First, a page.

Being low in iron can lead to:
► More fatigue than normal in pregnancy
► Increased susceptibility to illness and infection
► Certain medications for labor pain cannot be administered, including an epidural
► Increased risk of post partum infections
► Increased risk of post-partum depression
► Pre-term delivery
► Low birth weight of the baby
► Higher risk of still birth or newborn death
The fetus starts to draw on maternal iron reserves around the 20th week. The baby may suffer from anemia if the situation is ignored.
Anemia can be due to iron deficiency or folate deficiency. Iron deficiency develops when the body does not get enough iron to keep up with the raised demands.
Definition of Anemia - Anemia is a lack of red blood cells, which can lead to a lack of oxygen-carrying ability, causing unusual tiredness.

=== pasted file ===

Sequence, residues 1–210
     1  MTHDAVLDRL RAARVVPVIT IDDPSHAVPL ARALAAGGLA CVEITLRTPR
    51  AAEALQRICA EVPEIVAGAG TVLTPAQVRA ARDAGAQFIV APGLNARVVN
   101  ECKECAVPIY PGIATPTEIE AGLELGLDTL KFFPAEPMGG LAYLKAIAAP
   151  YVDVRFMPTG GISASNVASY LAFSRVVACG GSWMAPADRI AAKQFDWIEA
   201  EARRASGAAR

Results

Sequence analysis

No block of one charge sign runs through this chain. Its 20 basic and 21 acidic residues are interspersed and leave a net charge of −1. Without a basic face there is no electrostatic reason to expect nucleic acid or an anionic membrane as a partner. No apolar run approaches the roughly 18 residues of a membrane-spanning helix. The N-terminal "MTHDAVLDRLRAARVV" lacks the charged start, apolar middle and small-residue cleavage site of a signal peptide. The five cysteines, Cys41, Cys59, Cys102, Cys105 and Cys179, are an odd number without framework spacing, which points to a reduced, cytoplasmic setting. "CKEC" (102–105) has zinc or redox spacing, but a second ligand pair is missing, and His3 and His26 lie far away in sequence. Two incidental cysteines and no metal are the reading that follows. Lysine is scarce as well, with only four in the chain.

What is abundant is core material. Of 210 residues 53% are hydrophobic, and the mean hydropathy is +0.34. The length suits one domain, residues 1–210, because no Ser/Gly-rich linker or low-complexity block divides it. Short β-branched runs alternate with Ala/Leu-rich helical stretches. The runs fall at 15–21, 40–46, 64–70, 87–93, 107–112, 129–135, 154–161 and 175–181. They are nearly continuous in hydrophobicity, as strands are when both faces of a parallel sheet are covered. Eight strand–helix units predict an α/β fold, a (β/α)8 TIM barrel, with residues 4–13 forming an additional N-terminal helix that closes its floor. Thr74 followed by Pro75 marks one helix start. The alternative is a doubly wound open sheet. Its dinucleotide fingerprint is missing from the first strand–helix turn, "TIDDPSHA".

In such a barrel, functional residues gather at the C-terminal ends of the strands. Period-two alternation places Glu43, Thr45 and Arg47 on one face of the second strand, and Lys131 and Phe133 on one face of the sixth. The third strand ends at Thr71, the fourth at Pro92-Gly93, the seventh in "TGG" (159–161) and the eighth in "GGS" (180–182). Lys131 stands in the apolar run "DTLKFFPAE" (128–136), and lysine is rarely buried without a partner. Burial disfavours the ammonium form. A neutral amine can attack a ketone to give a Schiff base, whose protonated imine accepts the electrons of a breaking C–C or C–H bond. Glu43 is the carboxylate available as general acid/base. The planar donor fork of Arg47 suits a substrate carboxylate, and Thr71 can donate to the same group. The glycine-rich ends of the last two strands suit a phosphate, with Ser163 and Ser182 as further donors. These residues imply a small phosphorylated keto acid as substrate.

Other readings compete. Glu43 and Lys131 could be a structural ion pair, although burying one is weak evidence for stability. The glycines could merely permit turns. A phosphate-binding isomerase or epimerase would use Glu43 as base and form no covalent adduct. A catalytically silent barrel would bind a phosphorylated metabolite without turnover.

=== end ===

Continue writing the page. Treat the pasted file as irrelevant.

WHO has accepted up to 11gm% as the normal hemoglobin level in pregnancy. However in India and most of the other developing countries, the lower limit is often accepted as 10 gm %.
Hematocrit value (% of RBCs relative to plasma volume) less than 33% is also termed as anemia.
Anemia criteria for the specific stage of pregnancy are:
|Trimester||Hemoglobin (g/dL)||Hematocrit (%)|
Latest Publications and Research on Anemia in PregnancyEffect of dietary iron on fetal growth in pregnant mice. - Published by PubMed
Creative solutions to extraordinary challenges in clinical trials: methodology of a phase III trial of azithromycin and chloroquine fixed-dose combination in pregnant women in Africa. - Published by PubMed
Twin-Twin Transfusion Syndrome and Twin Anemia-Polycythemia Sequence in a Monochorionic Triamniotic Pregnancy. - Published by PubMed
Narcolepsy and pregnancy: a retrospective European evaluation of 249 pregnancies. - Published by PubMed
Postoperative Hemolytic Uremic Syndrome with Renal Cortical Necrosis Following Laparoscopic Hemicolectomy. - Published by PubMed